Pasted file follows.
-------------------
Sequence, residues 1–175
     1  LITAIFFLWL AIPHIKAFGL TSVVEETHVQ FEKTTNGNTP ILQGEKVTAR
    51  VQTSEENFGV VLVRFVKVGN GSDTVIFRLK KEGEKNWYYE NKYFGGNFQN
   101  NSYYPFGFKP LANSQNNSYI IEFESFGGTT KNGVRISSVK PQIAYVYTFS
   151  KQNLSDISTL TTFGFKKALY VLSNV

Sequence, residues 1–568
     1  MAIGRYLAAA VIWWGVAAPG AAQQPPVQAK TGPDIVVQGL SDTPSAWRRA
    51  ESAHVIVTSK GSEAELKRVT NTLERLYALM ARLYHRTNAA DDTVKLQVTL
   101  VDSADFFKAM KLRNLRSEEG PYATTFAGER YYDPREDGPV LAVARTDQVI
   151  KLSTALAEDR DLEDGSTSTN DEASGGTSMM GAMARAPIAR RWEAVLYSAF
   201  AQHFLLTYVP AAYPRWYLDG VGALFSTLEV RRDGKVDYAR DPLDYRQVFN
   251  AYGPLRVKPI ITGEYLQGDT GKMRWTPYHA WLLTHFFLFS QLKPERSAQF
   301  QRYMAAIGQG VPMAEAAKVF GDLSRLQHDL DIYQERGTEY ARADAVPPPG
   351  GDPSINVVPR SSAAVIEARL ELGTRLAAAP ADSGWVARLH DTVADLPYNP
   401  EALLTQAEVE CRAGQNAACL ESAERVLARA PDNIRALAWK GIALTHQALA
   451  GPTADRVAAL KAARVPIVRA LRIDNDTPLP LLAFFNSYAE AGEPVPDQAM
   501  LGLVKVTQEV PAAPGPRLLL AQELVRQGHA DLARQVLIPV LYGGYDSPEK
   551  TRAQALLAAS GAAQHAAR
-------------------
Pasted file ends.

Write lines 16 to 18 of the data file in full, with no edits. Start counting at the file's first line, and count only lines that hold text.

   451  GPTADRVAAL KAARVPIVRA LRIDNDTPLP LLAFFNSYAE AGEPVPDQAM
   501  LGLVKVTQEV PAAPGPRLLL AQELVRQGHA DLARQVLIPV LYGGYDSPEK
   551  TRAQALLAAS GAAQHAAR